Dangote To Increase Cement Production

Dangote Pix 2The largest cement manufacturer in Africa, Dangote Portland Cement has hinted of increasing production from 80,000 to 1.5 million tonnes annually to address the frequent shortage of the commodity in Ghana.
This follows Dangote’s intention to inject about US$ 45million towards the expansion of the company’s existing plant at Tema and establishing a new plant at Takoradi in the Western Region.
For the Tema facility, two big silos, each with 6,000 production capacities, at the cost of US$10million would be added to increase the production.
The move is necessitated by the increasing demand for cement for building and other purposes.
Addressing a press conference in Accra, the Vice Chairman of Dangote Cement in Ghana, Tajudeen B. Sijuede said the company had acquired two hectares of land at Takoradi for the commencement of the project within the next few months.
When completed, he said the expansion would create more than 3,000 jobs for Ghanaians.
Mr. Sijuede said the demand for more quality cement on the Ghanaian market was increasing every day, thus the need for the expansion to address the deficit.
He said the company considered customer satisfaction essential and, therefore would not compromise on it.
“We consider customer satisfaction as an essential sustainability feature in the medium to long term investment of every business. We have invested heavily in the Ghanaian economy and would continue to offer our customers the best quality cement,” he said.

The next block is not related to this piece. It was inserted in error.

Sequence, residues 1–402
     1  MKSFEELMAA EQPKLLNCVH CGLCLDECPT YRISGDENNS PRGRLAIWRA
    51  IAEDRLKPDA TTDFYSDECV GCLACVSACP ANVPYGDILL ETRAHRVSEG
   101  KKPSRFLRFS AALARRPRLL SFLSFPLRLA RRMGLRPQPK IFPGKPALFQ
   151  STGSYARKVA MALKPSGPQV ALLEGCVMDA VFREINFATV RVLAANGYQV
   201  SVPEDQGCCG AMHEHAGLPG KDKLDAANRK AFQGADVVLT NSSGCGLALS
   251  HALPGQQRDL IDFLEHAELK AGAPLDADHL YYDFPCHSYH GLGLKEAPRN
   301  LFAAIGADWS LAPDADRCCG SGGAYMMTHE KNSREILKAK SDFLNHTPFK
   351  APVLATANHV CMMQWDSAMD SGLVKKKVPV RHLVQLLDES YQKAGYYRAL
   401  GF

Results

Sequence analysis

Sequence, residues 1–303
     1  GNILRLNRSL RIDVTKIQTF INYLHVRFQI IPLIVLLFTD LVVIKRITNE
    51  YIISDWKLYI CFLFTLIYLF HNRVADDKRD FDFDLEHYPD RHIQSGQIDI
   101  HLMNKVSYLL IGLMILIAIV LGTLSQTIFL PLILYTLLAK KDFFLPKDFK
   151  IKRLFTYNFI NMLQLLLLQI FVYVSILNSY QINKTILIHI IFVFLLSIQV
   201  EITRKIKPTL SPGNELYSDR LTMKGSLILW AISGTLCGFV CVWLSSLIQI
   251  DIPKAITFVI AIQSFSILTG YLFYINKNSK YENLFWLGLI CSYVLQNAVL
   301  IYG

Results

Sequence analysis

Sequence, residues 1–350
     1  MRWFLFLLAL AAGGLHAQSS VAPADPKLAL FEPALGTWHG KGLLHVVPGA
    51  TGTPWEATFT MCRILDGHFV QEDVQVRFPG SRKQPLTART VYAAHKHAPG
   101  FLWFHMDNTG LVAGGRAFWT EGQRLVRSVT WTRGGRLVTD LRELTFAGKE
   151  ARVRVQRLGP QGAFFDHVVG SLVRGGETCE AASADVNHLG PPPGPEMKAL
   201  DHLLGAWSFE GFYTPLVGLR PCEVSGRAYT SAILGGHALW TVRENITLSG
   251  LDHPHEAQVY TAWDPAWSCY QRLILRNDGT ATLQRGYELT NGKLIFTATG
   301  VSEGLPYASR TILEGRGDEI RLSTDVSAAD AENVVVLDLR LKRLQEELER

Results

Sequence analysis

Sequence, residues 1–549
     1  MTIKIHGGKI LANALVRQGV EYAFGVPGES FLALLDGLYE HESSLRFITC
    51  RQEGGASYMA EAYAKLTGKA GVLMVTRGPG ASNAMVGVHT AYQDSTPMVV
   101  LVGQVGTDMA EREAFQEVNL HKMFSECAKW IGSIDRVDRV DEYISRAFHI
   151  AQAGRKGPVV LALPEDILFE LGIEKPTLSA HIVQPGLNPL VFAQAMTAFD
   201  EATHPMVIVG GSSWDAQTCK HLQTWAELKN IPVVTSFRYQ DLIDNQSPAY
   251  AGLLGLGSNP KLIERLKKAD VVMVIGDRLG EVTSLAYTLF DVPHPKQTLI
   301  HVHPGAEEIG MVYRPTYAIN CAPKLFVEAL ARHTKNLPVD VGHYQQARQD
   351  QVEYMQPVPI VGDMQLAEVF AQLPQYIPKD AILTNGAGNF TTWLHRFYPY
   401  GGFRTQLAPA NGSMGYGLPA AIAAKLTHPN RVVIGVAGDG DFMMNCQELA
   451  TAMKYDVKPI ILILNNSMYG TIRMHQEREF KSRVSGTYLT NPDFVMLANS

Currently, about seven million tonnes of cement are produced in the country annually. However, it looks not enough to meet daily demand, as there is frequent shortage of the commodity.
It is projected that about 15 million tonnes of cement is needed to meet the growing housing and industrial demand in the country.
Mr. Sijuede said that the company had projected a market share of 30 per cent in the next three years, saying this would be backed by sound marketing strategy.
He explained that the weakness of the Ghana Cedi as against other international trading currencies, particularly the United States dollar, was having precarious effects on the cost of production and pricing.
Other challenges include the erratic power outages, he said also affect the company’s operations, but said the firm had a stand-by generator to power its plants during power outage.
Mr. Sijuede shared the view that the price of cement could go up, if it was unclear that the situation would soon normalize.
He, however, assured Ghanaians of additional quality cement production and constant supply after the expansion programme. By Malik Sullemana     

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